One cannot say that Sal Paradise is quick on the uptake. Throughout the book, which covers a period of years, Dean Moriarty does not do a single decent thing and does many bad ones. We are told that in one year he stole 500 cars, as if this were a mere matter of fun or romance; it does not seem to occur to Paradise that this means that his friend must have caused considerable suffering and anguish, solely to gratify himself very briefly. It is a tediously obvious point, but the fact is that most people are attached to their vehicles, if not emotionally, then for very practical reasons; they find it upsetting when they are stolen. Only someone fundamentally indifferent to the interests and feelings of others would not think this not very difficult thought.

When the pair of them engage to drive a Cadillac from the south to Chicago, to deliver it to its owner there, they wreck it. They feel no guilt about this, because the owner is a rich man who can probably afford ten Cadillacs. Of course, they don’t know this in advance; perhaps the car is his sole asset, but his wealth provides them with a post facto exculpation of their irresponsibility. For them, the question of honor, honesty, and due care for what belongs to another simply does not arise.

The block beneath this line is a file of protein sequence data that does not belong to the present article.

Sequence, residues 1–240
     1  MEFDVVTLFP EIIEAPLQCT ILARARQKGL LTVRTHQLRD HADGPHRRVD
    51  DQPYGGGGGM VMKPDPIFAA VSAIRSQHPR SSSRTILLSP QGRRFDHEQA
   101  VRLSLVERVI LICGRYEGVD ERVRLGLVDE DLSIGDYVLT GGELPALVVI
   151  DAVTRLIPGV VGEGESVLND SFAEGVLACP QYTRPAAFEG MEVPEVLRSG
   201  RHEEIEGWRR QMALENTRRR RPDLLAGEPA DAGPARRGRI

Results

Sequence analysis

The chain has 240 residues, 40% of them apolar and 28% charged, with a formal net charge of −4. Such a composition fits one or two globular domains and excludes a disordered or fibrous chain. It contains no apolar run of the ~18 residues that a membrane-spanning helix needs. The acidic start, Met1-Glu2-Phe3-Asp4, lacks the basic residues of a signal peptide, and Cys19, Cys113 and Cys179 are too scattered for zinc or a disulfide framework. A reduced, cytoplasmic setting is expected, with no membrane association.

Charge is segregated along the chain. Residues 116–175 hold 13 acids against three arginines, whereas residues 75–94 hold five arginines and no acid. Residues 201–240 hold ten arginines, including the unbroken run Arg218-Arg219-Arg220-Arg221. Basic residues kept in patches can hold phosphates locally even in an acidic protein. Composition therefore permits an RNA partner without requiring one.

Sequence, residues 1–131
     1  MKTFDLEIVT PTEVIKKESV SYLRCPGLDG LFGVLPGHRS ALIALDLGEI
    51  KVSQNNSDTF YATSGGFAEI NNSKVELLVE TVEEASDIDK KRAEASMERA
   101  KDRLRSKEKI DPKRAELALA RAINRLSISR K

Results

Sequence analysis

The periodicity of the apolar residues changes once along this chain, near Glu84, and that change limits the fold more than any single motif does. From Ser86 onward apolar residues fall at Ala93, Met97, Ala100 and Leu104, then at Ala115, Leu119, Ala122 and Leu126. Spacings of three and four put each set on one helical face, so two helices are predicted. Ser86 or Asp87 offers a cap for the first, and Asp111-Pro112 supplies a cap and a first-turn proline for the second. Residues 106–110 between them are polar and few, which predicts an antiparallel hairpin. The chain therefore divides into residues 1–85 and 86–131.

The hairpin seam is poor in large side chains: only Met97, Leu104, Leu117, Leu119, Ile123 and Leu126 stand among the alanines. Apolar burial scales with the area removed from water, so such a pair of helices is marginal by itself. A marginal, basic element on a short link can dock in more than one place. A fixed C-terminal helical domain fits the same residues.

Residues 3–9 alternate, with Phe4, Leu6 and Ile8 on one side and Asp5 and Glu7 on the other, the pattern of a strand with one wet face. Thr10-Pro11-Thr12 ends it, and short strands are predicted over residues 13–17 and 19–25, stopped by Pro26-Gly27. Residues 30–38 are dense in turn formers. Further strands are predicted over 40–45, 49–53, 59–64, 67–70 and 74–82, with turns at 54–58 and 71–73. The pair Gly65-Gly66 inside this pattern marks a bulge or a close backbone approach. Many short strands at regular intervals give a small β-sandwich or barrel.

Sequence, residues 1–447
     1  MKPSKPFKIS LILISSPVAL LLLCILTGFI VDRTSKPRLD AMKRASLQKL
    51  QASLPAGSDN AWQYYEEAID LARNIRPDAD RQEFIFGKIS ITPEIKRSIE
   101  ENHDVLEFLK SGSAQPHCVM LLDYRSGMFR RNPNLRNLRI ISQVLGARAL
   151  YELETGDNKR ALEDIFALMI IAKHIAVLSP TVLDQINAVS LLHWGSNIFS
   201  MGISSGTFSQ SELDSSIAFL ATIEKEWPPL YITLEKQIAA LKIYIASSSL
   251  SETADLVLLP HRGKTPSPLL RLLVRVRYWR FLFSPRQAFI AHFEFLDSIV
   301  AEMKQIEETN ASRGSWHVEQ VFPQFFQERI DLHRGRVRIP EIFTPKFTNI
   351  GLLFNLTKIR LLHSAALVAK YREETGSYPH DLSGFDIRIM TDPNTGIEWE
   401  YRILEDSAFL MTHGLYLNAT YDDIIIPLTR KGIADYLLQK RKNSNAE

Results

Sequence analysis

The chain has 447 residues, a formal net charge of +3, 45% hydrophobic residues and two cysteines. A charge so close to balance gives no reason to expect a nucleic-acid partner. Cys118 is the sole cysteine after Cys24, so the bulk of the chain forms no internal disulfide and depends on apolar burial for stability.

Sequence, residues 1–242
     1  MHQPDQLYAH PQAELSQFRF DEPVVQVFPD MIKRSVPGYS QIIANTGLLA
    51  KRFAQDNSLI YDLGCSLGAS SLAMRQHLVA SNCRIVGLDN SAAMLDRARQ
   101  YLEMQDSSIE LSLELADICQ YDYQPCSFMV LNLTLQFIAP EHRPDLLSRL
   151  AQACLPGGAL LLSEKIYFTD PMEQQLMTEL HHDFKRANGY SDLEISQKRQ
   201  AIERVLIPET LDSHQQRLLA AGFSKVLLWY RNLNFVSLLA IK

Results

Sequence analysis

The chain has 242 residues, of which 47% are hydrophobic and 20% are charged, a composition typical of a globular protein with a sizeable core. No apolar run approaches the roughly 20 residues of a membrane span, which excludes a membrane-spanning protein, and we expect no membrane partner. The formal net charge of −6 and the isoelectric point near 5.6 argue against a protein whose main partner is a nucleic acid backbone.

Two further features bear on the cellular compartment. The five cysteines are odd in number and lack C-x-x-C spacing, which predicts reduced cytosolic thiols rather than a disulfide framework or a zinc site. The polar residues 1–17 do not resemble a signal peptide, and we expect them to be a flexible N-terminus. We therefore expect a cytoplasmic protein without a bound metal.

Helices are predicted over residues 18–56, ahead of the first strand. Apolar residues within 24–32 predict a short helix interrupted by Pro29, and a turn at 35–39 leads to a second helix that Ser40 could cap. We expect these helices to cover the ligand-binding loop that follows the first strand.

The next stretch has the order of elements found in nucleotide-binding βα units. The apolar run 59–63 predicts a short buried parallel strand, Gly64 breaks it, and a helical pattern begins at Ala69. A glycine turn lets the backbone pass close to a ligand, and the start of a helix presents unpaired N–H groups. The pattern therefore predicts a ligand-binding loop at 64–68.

Moriarty treats women abominably and uses them solely as objects for his gratification; he is violent towards them; no single instance of consideration towards any of them is given in the book; he has several children by them, all of whom he abandons without a moment’s hesitation or subsequent thought for their fate, though he himself is the victim of an unfortunate upbringing. This, it should be noted, makes him not less, but more culpable, inasmuch as he is perfectly aware of the effect that such an upbringing can have upon a child. This is Paradise’s reflection on the matter:

With one illegitimate child in the West somewhere, Dean then had four little ones and not a cent, and was all troubles and ecstasy and speed as ever. So we didn’t go to Italy.

Still, when Dean drives a car too fast and ends up in a muddy ditch, “I couldn’t stop swearing, I was so mad and disgusted with Dean.”

It is, of course, the case that consistently bad people such as Moriarty may be highly attractive to the good, and influence them unduly. Bad people can be charming, witty, intelligent, and talented. Indeed, Kerouac leads us to believe that Moriarty is possessed of such qualities, though he, Kerouac, is so poor a writer that he is quite incapable of conveying them to the reader. In fact, Moriarty comes across as a psychopath and nothing else; never once does he say a clever, witty, or arresting thing; in this respect he is rather like the author himself.